A final farewell – short story by a nurse

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Rebecca Noonan won the NSWNMA Short Story Competition 2017 with ‘A Final Farewell’.

She sat in the stark, chilled room located off to the side. Hidden away from the main ward like an enigma; a shameful secret that no one wanted to acknowledge out loud. The lights were dimmed and the only sound was the soft whooshing of the ventilator and the occasional muted dings of alarms, yet the whispers and furtive glances highlighted the sadness and desolation to everyone around.

The busyness of the day had given way to the hushed stillness of the night. The never-ending darkness outside the window providing a reflection of the room; providing a black abyss that was mirrored back into her eyes as she primed her mind for the tasks that lay ahead. She gathered everything she would need and laid her supplies out precisely and orderly. Linens in the warmer, bathing equipment waiting patiently, an outfit chosen specially, laid out reverently and carefully. The stethoscope around her neck the only medical tool required.

One by one, she turned off the machines, silencing their alerts and darkening their screens. Each lead and wire was gently removed, careful, so as not to damage the fragile skin. Finally there was only the sound of the ventilator left. The slow, soft swish of air moving in and out, a measured, gentle pace keeping in time with the rise and fall ofthe pale, thin chest in front of her. It was time.

She turned the ventilator off and tenderly removed the tapes and then the tube. She deftly wrapped the newborn and lifted him out of his crib. She smoothly sat down in the rocking chair and laid the baby on her chest. Slowly she began to rock back and forth.

The baby’s parents had said their goodbyes and gone home to grieve for their child, to mourn the loss of their hopes and dreams for his future, to try and gain some comfort in each other’s arms. It was now the immense and noble responsibility of the nurse to offer warmth and comfort to the baby as he breathed his last breaths. It was duty that was both difficult and effortless. It was an honour and a privilege to provide warmth, comfort and a presence during a person’s last moments, but heartbreaking at the same time. As a nurse, every death is a failure of sorts. Even when she knows the baby will soon be free of pain and suffering, would not ever have been able to survive outside these four walls, the losses still hurt. Each one takes up a small space in her heart and mind, never forgotten, but each one gently nudged to the side to make room for the next charge.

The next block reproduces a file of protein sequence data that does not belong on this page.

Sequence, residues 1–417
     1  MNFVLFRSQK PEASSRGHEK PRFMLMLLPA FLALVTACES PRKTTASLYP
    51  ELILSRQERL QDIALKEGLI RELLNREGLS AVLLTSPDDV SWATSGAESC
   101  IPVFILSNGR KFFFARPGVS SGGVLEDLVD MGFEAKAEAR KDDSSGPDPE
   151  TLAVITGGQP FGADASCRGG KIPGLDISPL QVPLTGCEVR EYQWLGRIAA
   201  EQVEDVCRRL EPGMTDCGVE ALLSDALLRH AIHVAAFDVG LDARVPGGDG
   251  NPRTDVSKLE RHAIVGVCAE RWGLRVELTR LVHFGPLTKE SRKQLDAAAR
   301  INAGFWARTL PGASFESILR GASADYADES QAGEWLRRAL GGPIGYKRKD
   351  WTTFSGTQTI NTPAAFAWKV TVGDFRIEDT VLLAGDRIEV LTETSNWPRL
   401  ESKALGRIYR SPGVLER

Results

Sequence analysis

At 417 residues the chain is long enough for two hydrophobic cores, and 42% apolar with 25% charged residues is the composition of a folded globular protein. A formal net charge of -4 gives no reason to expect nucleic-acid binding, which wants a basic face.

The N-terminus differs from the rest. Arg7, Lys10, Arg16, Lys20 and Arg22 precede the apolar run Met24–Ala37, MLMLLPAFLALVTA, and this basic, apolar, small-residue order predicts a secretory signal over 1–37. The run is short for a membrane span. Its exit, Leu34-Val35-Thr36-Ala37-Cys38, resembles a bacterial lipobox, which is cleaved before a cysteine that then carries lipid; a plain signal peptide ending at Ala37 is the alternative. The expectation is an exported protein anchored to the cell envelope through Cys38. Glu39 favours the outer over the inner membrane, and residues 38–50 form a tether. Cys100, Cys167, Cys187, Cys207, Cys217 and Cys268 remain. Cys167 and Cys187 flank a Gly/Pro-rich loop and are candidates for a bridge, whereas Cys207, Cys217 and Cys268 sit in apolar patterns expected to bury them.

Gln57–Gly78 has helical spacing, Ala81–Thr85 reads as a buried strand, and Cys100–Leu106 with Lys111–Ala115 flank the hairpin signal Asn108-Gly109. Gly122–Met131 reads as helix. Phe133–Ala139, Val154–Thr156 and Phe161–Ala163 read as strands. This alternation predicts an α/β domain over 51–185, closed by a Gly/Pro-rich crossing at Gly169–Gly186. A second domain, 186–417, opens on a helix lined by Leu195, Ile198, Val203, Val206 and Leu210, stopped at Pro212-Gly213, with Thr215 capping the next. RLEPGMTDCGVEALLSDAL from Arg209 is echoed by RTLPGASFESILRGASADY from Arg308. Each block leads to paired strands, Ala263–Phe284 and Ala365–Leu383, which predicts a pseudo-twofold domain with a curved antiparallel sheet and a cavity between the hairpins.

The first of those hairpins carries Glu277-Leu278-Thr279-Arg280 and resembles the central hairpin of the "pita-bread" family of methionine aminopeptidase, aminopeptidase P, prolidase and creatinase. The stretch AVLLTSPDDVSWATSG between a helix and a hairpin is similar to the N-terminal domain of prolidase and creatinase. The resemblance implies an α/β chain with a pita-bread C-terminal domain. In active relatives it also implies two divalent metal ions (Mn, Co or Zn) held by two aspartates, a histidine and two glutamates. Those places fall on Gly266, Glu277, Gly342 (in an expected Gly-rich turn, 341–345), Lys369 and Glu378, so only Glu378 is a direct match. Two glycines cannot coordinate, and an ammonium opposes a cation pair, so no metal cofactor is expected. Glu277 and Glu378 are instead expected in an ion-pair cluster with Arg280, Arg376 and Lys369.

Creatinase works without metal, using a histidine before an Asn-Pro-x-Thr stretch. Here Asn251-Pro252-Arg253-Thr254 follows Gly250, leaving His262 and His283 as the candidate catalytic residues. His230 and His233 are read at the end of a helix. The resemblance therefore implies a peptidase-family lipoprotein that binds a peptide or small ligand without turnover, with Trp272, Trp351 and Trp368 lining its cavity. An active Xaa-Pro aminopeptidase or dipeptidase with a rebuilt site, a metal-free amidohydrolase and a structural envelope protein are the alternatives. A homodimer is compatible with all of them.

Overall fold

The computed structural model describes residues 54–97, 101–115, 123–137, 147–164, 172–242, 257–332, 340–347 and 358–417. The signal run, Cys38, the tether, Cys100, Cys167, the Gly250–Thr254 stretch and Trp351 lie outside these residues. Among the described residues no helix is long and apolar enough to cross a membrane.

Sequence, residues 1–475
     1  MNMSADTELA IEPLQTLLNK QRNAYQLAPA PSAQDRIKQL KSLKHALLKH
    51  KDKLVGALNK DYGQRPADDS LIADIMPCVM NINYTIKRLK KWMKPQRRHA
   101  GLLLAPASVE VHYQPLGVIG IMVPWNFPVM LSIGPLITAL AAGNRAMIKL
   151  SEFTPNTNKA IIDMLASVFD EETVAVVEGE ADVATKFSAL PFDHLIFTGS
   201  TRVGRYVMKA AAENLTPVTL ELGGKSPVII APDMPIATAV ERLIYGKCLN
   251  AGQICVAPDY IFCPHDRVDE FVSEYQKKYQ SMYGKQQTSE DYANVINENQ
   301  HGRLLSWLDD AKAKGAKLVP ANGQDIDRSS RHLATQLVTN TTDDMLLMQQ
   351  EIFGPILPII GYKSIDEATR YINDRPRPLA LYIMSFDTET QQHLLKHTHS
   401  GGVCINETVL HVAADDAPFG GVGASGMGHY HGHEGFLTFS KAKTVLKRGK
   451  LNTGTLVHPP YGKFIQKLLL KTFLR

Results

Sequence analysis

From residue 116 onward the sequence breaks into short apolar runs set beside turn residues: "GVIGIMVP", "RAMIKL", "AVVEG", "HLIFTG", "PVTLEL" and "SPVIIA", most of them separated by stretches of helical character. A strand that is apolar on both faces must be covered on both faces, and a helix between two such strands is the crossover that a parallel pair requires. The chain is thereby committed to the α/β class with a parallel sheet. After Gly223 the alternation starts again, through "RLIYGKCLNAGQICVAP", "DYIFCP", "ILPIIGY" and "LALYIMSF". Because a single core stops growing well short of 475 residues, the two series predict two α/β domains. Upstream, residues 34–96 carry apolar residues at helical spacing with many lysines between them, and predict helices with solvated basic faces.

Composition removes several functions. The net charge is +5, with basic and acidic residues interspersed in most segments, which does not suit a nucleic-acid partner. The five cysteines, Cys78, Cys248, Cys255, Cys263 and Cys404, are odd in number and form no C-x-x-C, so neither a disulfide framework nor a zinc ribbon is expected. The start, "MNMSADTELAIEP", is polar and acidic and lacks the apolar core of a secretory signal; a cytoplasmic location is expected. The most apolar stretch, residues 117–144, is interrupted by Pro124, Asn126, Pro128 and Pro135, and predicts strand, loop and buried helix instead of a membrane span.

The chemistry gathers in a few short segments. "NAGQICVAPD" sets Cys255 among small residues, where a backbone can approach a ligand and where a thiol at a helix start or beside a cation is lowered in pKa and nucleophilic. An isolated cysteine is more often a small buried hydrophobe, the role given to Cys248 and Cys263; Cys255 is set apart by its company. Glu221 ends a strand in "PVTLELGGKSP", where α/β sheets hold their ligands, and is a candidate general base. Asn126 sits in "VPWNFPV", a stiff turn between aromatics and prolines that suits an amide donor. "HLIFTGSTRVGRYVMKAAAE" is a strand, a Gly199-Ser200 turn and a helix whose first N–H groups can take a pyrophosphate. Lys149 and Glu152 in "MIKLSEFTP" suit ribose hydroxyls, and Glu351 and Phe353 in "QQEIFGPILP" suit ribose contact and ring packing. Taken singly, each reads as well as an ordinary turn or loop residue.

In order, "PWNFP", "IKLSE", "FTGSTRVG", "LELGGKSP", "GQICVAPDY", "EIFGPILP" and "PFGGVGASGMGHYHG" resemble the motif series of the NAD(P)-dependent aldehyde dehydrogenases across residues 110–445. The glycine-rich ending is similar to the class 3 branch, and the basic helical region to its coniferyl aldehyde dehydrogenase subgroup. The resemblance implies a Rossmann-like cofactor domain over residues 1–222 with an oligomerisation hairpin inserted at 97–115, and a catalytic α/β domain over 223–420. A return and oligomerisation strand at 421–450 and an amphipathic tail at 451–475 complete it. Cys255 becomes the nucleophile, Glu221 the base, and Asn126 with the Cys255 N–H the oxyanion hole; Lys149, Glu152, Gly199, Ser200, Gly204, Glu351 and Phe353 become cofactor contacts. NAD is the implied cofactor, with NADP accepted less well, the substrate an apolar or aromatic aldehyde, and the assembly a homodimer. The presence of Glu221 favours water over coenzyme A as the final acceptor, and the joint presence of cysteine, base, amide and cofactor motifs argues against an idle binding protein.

She sits for hours in the chair, rocking back and forth, back and forth. Sometimes whispering to him, sometimes humming a melody. Listening as his breathing becomes fainter and the rise and fall of his chest slower and slower until it finally stops. He is gone.

She will now bathe him and gently dry him, dress him carefully in the outfit he was meant to wear home and wrap him snugly in a warm blanket. A single, silent tear, her final farewell.

2 COMMENTS

  1. Beautifully written. I have not had the privilege of tending a baby at this time of life, but often the privilege of one of the elders in our society. Love, comfort, respect.

  2. I cry every time I read this, thank you for the burden you carry for us all and the compassion you share where it is needed most. Nurses and midwives are the heroes of our community, thank you all.

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